3 exercises to help strengthen your bones
Osteoporosis is a condition that affects millions of people worldwide, with over 3 million people affected in the UK alone.
Unfortunately, the risk of developing osteoporosis increases significantly with age, and women are at higher risk of suffering from it than men.
While it’s not possible to cure osteoporosis, there are treatments available to help support those who have been diagnosed, but as with many conditions, there are also steps you can take to help prevent it from developing in the first place.
Living a healthy lifestyle with a balanced diet and plenty of exercise is the best thing you can do, as well as avoiding smoking and reducing alcohol consumption.
Foods that are rich in calcium and vitamin D are particularly recommended to help reduce the chances of developing the condition.
As a personal trainer, male and female clients come to me interested in weight training to build their muscle mass or to tone their bodies, and of course, this is generally what most people associate weight training with. While this is true, one of the lesser-known effects of weight training is the increase in bone strength and density.
How can weight training help with osteoporosis?
Various studies have shown that regular weight training can help to reverse the effects of low bone mass and even build bone in middle-aged men and women, because as your muscles become stronger, your bones do too.
While weight training can sound daunting to beginners and conjure up images of giant bodybuilders and benches loaded with scary looking weights, there are actually a few simple exercises you can do with little or no equipment.
The key thing to remember is to focus on the areas of your body that are most at risk of bone loss and fractures related to osteoporosis. Specifically, your hips and back are the two parts of your body that are most susceptible.
Before you start with any weight training, it’s important that you’re aware of your limitations and don’t push yourself too hard. Some people will be able to do more than others, so before you start any form of weight training, it’s best to seek advice from a qualified physio or personal trainer so that your exercises can be tailored to you.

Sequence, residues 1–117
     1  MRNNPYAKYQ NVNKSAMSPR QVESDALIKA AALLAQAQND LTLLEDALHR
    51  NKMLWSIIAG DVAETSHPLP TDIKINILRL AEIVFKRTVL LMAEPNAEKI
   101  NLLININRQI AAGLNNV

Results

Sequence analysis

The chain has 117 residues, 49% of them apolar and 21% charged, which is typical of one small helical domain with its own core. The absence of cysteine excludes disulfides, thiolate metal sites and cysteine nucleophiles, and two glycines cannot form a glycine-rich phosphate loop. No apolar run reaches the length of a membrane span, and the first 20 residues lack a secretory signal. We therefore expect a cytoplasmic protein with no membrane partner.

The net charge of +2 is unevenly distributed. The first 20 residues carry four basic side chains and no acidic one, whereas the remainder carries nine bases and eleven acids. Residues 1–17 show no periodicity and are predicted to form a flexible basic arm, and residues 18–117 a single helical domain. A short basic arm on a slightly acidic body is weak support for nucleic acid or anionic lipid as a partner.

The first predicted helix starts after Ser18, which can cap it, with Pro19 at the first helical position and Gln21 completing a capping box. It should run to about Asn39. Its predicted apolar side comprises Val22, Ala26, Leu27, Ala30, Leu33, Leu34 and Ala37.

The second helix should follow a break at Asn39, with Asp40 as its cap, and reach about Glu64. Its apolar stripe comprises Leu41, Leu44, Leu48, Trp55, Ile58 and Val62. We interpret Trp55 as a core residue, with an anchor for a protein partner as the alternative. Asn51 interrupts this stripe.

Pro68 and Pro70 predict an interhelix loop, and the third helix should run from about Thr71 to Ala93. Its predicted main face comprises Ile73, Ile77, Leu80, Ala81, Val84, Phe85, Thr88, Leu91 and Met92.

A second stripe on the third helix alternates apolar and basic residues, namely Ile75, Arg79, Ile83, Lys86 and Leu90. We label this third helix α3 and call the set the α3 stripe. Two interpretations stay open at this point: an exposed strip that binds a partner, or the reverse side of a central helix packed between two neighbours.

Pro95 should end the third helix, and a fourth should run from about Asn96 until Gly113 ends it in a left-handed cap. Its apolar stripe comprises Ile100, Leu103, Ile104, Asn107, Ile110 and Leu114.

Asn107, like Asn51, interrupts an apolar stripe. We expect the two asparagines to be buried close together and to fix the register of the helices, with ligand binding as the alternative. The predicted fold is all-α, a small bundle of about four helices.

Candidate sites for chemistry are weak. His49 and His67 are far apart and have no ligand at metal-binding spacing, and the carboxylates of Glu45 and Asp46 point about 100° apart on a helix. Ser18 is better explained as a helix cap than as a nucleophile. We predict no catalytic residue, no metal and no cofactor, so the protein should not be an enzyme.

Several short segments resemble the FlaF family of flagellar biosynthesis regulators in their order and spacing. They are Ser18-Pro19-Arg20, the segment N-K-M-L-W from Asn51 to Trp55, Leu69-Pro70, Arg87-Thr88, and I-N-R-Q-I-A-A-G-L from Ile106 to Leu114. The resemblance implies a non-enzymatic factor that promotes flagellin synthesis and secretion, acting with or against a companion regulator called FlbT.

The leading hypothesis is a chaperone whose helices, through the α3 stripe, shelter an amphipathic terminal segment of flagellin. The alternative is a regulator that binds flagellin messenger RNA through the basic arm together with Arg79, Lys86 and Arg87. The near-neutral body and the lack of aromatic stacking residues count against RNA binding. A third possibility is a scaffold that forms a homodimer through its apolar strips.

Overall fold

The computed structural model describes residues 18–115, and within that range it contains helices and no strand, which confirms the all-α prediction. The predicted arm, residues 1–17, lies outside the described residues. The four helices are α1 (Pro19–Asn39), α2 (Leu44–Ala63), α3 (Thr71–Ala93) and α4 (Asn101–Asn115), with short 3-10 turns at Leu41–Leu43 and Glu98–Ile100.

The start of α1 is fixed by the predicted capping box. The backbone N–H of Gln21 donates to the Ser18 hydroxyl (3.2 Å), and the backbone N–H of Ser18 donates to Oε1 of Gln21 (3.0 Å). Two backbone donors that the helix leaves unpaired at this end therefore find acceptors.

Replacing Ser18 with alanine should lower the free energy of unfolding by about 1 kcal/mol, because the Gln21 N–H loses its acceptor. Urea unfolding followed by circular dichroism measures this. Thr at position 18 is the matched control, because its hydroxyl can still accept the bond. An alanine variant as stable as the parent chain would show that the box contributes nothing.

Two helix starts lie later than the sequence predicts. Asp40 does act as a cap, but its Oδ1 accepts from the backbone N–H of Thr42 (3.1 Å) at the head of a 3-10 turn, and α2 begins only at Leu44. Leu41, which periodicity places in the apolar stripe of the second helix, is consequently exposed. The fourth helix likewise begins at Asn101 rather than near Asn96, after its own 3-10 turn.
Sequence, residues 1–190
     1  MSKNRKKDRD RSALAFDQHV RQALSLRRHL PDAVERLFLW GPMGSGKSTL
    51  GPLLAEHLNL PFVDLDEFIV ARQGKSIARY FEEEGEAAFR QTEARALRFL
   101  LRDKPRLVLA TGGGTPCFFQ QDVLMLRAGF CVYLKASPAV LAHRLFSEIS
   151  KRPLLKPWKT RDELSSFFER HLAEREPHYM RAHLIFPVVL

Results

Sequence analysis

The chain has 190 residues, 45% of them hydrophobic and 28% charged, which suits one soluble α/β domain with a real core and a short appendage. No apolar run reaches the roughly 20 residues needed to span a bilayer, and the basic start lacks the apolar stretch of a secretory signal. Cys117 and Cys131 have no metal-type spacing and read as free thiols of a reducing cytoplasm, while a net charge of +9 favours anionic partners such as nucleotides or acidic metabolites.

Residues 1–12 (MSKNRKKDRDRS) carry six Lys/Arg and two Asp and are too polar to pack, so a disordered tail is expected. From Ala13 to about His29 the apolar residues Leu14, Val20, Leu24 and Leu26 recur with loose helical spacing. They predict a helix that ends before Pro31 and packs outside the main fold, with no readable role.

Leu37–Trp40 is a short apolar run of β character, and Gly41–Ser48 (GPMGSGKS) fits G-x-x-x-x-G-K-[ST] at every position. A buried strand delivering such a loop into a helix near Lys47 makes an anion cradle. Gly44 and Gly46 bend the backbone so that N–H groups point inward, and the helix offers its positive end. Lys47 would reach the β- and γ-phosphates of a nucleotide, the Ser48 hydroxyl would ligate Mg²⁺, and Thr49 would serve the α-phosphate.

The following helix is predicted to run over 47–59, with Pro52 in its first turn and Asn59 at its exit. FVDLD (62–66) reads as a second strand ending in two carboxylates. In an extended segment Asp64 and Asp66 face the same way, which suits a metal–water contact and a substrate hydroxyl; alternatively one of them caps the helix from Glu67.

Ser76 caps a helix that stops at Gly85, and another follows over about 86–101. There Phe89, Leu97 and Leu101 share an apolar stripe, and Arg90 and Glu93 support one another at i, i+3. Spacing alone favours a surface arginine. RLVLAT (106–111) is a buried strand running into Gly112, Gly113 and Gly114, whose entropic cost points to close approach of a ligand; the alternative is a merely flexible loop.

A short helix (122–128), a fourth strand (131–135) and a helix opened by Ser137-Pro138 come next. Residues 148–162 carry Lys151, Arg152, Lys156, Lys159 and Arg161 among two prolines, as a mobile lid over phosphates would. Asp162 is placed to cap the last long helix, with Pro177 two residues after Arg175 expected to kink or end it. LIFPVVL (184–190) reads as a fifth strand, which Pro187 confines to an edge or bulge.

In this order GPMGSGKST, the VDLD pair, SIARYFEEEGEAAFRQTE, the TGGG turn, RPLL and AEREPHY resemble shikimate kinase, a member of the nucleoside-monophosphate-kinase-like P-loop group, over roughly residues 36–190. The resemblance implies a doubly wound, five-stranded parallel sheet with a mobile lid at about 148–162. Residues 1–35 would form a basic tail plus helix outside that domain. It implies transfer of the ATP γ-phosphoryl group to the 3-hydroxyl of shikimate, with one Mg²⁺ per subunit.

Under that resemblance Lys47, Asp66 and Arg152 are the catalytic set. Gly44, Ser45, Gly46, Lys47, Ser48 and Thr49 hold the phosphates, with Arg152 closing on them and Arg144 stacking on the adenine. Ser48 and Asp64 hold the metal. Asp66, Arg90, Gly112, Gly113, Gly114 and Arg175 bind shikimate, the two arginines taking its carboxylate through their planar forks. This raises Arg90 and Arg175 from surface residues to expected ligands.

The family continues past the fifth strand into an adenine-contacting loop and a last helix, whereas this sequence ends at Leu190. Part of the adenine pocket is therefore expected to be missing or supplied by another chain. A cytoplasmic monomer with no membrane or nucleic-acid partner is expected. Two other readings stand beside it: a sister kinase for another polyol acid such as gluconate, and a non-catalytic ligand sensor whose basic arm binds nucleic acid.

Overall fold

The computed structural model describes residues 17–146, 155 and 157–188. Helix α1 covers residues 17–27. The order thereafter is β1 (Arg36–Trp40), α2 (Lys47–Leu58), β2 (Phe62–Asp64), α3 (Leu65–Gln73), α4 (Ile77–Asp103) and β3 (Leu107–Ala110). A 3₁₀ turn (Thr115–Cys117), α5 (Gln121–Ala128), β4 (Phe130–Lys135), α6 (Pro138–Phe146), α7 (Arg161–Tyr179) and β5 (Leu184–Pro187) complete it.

Once you’ve taken advice and are ready to try a couple of basic exercises to get the blood flowing, then the following will provide an ideal starting point.
3 Exercises to help strengthen your bones
Squats can strengthen your buttocks and the front of your legs. If you’re stiff at first, don’t worry as you don’t have to squat really deeply for this exercise to help.
Stand with your feet hip width apart, then bend your knees keeping your back straight and your shoulders back. Squat until your thighs are parallel to the floor as if you are sitting on a chair. Squeeze your buttocks and return to standing. Repeat this exercise 8 to 12 times.
Take a dumbbell in each hand palms up, hold them out in front of you and pull them towards your chest, watching your bicep muscles contract as you do the exercise. Then lower the dumbbells back to the original position and repeat 8 to 12 times. You can alternate between each arm or do both simultaneously if you’re able to. Start gently with a low weight before gradually building up to a heavier weight. When you first start this exercise, each weight should be no more than 2kg.
This is a great exercise for balance and will also strengthen your abdominal muscles. You’ll need a large exercise ball, and you may need someone to help you with your balance initially.
Sit on the ball and place your feet flat on the floor keeping your back straight. Hold your arms out to the sides with your palms forwards. Hold this position for 60 seconds if you can. Then stand, rest and repeat twice more for 60 seconds each time.
Call us on 07540 060269 for a free consultation and to find out more about how weight training can help you fight osteoporosis. The Fitness Room Honeybourne offers a friendly, safe gym environment, personal training, meal plans and support to help you on your health and fitness journey.